### Gravity and deltas

closed account (2NywAqkS)
I've got a nice program I'm working on which simulates gravitational orbits however I'm having a lot of problems surrounding the use of time deltas. Where should they go, because where ever I put the * delta, adjusting it completely changes the orbit path(e.g. Flies of into space).

My Code:
 ``12345678910111213141516`` ``````double dx = -x; double dy = -y; double direction = atan2(dy, dx); double distanceSquared = (dx*dx + dy*dy) / 10; double force = 0.004 * ((mass * solarSystem->mass)/(distanceSquared)); double acceleration = force / mass; double xacceleration = acceleration * cos(direction); double yacceleration = acceleration * sin(direction); xVel += xacceleration; yVel += yacceleration; x += xVel * delta * 0.01; y += yVel * delta * 0.01;``````
`double distanceSquared = (dx*dx + dy*dy) / 10;` ¿why 10?
`x += xVel * delta * 0.01;` ¿why 0.01?

> Where should they go
Where there is time involved.

Also, you are considering that acceleration and velocity are constant in a chronon, that will introduce error.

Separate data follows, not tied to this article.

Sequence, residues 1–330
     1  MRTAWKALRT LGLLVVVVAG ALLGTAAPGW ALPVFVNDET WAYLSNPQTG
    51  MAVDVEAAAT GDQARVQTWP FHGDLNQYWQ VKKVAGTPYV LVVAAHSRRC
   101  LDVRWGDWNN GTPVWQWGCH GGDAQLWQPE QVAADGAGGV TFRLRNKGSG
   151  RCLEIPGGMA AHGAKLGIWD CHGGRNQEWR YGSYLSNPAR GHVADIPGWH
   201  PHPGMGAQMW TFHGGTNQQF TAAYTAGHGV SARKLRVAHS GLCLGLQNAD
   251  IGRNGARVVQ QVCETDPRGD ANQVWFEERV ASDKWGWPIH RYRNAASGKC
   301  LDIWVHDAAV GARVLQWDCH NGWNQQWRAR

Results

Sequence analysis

closed account (2NywAqkS)
 ¿why 10?
to give the effect that it is closer.
 ¿why 0.01?
to slow down time in my program.

As for your last point, I have thought of that but I can't think of a solution. Is it the chronon problem that is cause the inconsistencies in relation to fps? or do I need to multiply more things by delta?
When I do these types of problems, I like to add dT as an argument. Then my callback timer will determine the value of dT when calling this function.

Now, in terms of where I´d put dT in this case: Certainly lines 12 and 13 need it. In those lines you are summing the acceleration. I think you mean to integrate it. remember:
`a = dv/dt;` so `dv = a*dt`

Likewise:
`v = dx/dt;` so `dx = v*dt`

That means that you certainly need it in lines 15 and 16 as well (which you already have).

Regarding the 0.01, don´t factor it in here. It isn´t part of the integration. Consider it only when calculating the dT so that no matter when you use delta, it will be correct. It certainly is not a problem to do this, especially since simulating the earth around the sun would otherwise take a year to compute, but you have to ensure that the same constant is applied everywhere and the only safe way to do that is at the source.
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